Buying a car is an exciting time. Choosing the type of vehicle, the features you want, new or used, finance or pay in cash, are all choices that will affect the dollar amount you will be spending. Time of year is another factor that can affect the price. Our debt counselors advise you to think carefully before choosing a car. Here are some tips to consider to help you stay within your budget, save money and avoid too much debt.
Buying a Car That Fits You
The Best Time to Buy A Car
When going to the car dealership, you know you’ll have to do some haggling. But is there a time when salesmen might be more willing to budge?
August. This is the time people! If you’re financially ready and have planned for this in your budget, this is a great month to buy. Next year’s car models usually start popping up in September. Dealers are trying to move cars off the lot, meaning bigger deals for you.
End of the Month. Like every salesman, they need to fill a quota and that comes at the end of the month. If that month hasn’t been particularly successful, they may be a bit more flexible so that they hit their goal.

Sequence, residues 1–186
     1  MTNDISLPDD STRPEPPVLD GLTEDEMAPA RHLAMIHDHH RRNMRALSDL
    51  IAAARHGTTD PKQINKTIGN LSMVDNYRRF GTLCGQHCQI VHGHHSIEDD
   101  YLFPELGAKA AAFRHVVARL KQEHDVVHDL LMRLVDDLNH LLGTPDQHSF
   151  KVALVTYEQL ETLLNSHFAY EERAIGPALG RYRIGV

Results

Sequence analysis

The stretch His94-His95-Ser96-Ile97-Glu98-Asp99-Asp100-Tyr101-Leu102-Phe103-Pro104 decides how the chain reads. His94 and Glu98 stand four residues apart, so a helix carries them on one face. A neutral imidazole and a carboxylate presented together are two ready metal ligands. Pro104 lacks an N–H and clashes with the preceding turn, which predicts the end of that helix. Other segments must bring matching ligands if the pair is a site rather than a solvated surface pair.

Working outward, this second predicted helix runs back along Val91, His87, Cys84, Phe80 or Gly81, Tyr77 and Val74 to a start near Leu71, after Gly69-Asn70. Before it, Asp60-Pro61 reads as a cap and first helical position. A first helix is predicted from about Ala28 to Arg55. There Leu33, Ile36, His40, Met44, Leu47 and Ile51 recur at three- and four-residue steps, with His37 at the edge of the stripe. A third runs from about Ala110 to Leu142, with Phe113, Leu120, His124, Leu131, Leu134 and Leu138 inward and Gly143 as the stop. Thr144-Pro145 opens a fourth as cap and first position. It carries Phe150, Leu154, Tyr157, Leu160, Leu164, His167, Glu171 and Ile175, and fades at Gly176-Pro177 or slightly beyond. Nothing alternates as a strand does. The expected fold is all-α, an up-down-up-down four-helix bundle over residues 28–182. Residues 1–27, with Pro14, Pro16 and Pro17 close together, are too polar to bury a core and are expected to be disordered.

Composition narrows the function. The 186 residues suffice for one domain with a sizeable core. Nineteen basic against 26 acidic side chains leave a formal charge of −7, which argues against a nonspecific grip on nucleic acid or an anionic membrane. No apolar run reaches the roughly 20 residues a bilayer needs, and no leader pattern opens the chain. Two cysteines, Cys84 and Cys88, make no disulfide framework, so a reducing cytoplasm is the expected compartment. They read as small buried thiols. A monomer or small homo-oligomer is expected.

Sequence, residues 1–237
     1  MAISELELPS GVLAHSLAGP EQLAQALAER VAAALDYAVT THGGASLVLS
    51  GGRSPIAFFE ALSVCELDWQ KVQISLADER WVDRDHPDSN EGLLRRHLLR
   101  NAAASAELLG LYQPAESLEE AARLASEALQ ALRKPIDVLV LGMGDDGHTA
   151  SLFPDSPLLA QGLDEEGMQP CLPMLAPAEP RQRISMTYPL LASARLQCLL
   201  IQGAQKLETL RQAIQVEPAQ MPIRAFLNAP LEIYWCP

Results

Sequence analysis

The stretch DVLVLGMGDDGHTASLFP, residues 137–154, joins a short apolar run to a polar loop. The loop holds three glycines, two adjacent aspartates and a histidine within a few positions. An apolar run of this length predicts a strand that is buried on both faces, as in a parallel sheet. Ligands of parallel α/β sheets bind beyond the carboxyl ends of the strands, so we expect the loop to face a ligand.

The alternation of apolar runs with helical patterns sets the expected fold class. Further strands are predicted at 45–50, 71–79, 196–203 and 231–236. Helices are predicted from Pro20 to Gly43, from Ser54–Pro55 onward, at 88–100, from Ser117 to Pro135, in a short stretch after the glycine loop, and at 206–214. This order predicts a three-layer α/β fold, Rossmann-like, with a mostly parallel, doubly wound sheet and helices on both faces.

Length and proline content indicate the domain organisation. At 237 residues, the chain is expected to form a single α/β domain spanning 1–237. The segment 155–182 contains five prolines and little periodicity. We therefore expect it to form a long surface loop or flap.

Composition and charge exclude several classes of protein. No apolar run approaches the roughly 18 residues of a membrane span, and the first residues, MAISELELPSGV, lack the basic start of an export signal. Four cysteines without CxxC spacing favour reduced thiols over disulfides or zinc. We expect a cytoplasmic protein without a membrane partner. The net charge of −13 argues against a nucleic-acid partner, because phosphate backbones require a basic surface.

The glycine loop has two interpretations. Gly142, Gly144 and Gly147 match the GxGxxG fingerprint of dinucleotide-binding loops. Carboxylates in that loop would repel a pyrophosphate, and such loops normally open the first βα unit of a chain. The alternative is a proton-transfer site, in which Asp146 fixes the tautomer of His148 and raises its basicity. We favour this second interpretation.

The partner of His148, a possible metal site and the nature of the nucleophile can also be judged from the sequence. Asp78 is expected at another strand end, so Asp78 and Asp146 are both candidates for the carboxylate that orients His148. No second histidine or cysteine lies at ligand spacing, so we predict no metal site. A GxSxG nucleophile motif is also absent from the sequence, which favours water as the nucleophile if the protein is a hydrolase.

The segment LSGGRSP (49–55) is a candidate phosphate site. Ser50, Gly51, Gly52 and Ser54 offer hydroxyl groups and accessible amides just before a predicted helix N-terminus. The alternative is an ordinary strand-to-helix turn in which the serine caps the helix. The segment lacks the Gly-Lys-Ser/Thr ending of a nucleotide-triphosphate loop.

Holidays. Typically, major holidays offer great deals to buy a car.
Whenever you plan to buy a car though, it’s important to know much you can truly afford to spend. Check out our “How Much Car Can Your Afford?” calculator to help you determine what will fit into your budget without getting into credit card debt.
3 Additional Tricks of the Trade
1. Flexibility. Or at least lead your dealer to believe that you are flexible. Have numbers predetermined before you go so that you can work up to it. Those number should include:
- The trade-in value of your car.
- What kind of cash can you really put down?
- How many years are you looking to finance?
- What can you afford for a monthly payment?
2. Time your visit carefully. If you head in later in the day, your dealer may be more likely to close quickly to get home. Rainy days bring in few customers, meaning better bargains.
3. Don’t low ball. Balancing low-end offers takes preparation and patience. If you’re hoping to get a few thousand dollars knocked off the retail price, it’s best to start on the low end of the middle and go from there. For example, if a car is priced at $15,000, an offer around $13,500 could be more seriously considered over a $12,000 offer.
If you’re struggling to pay off debt, schedule a free credit counseling session with us today.